Oh, hell, no! There’s no chance. No chance.
Rex Ryan, when asked by USA Today if he’s lost confidence
He would say things like, ‘I understand why O.J. killed his wife.’
It’s less “writing about football” than “business reporting that smells like filthy jockstrap,” and it carries the same vernacular of confidence games, tautological assumptions of confidence, and backroom rumor leakage. And like business reporting, it rarely sees fit to correct itself even in the face of mounting evidence that someone, despite holding a title and a position of importance, might be utterly and evidentially incompetent. There is not an NFL studio crew commentary that doesn’t start a discussion of a coach without mentioning what a good man he is; there is not a GM who doesn’t “get it.
Let’s pause here to note this: An NFL scout—who is tasked with watching tape and timing 40-yard dashes and measuring 22-year-olds’ arms to determine their future potential—is delivering the same assessment of Geno Smith because he fired his agents and thought about leaving New York after a particularly upsetting night. (Please: one who has never thought about leaving New York after a particularly upsetting night has never really been to New York.) Good work, guy. Moving on.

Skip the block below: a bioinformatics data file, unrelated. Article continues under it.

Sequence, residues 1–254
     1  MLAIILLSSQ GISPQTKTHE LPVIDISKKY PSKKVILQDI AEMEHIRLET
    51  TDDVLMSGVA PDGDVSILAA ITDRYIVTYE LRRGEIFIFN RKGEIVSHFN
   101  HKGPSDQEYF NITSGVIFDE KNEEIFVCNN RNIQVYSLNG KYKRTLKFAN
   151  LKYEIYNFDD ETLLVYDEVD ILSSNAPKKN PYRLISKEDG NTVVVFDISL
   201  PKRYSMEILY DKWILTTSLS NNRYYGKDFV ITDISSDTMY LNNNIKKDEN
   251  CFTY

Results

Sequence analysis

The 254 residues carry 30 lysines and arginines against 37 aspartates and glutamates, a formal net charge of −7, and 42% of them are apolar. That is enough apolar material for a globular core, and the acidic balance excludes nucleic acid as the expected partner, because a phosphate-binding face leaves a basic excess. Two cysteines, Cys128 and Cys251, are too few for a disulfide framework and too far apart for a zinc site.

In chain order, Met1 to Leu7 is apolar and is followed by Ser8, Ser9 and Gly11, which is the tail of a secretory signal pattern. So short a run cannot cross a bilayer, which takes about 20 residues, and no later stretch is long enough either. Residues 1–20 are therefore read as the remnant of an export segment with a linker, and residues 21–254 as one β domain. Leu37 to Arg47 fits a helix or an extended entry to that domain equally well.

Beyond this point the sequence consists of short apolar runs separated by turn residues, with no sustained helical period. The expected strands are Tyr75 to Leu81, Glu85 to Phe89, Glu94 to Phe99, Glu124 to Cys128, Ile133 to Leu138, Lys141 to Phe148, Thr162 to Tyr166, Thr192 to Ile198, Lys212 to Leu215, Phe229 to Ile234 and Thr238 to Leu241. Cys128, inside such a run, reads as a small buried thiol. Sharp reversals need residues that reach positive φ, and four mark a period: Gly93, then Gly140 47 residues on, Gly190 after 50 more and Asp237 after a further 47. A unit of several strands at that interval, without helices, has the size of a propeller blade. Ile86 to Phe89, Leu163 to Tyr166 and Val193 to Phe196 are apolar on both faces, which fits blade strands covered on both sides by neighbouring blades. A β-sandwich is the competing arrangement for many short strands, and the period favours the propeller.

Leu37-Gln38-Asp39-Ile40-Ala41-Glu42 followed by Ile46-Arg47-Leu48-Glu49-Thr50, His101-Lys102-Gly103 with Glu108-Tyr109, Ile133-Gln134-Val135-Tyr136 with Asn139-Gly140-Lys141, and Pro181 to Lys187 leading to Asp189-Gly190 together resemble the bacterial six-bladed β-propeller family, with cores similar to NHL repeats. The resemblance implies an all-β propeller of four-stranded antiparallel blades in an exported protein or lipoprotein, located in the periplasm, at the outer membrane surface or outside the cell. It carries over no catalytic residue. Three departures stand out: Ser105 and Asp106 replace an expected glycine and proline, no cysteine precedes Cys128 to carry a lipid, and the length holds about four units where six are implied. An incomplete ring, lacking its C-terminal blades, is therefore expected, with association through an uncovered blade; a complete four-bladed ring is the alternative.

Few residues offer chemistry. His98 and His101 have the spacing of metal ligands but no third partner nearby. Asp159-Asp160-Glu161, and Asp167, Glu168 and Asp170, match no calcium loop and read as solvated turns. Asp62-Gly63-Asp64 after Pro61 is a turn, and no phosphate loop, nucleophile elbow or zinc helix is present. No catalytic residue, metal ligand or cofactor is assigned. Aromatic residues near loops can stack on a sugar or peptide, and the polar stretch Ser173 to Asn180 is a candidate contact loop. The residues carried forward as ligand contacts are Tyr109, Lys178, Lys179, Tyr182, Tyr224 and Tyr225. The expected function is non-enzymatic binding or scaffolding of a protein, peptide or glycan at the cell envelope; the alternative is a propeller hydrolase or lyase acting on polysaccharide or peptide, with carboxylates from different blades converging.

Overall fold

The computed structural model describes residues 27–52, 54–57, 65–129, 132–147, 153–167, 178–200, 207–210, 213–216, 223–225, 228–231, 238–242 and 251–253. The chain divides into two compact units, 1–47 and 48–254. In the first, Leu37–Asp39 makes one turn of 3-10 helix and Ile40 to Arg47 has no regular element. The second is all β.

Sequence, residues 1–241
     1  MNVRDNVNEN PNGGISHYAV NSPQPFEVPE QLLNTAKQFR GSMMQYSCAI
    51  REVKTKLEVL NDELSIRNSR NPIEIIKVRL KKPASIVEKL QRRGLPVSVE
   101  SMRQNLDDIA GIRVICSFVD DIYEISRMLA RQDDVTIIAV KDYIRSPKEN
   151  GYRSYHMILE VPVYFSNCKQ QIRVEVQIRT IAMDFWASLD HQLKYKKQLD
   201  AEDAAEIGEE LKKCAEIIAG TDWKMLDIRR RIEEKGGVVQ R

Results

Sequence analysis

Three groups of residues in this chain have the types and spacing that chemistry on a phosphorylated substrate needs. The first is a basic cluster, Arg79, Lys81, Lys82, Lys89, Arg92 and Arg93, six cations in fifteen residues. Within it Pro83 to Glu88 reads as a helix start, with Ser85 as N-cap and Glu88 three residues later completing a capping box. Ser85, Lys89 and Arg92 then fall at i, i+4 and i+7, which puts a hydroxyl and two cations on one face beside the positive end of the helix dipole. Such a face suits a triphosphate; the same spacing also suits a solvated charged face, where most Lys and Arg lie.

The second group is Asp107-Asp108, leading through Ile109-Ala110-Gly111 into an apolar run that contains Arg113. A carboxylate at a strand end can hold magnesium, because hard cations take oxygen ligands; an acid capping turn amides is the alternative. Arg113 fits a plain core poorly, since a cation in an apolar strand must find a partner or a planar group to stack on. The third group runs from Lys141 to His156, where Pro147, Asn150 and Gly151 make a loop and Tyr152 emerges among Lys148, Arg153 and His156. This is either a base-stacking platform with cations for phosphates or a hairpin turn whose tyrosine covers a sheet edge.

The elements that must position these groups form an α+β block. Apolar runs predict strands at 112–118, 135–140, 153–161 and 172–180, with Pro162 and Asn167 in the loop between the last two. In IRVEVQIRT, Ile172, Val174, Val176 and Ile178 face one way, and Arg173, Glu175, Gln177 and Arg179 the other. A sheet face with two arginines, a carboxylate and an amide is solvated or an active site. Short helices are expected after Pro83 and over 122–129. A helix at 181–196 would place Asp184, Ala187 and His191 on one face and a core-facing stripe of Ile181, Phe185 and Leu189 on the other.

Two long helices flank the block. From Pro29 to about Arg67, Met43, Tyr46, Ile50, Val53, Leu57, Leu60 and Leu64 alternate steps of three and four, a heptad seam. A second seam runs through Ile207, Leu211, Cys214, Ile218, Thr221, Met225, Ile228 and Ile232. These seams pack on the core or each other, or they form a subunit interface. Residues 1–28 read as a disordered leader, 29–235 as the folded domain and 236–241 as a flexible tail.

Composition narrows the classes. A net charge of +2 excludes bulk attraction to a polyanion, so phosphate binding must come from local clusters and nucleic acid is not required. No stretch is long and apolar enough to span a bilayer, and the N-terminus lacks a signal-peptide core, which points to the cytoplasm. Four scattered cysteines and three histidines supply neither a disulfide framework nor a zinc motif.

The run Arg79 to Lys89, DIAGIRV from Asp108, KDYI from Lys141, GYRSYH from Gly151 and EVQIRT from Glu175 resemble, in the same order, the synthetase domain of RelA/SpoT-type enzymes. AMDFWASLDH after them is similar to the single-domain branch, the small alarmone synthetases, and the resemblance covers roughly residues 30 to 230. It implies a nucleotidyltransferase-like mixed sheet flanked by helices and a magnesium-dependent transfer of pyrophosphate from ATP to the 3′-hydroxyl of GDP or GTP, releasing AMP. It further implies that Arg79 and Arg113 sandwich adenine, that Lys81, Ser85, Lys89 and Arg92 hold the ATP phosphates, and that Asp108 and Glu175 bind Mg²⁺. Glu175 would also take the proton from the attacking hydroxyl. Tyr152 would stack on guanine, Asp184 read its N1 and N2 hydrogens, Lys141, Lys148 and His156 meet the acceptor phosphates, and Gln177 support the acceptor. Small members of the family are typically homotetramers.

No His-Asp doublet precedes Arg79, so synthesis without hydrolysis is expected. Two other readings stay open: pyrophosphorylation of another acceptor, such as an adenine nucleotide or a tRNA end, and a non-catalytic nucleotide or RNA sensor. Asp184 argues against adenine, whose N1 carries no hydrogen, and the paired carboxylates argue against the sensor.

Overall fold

The push against the Redskins name has intensified in recent weeks. Public opinion has yet to follow.
An Associated Press poll conducted form April 11 through 15 of 1,004 adults found that 79 percent didn’t believe the Redskins should change their name. Another 11 percent disagreed, eight percent weren’t sure, and two percent didn’t answer.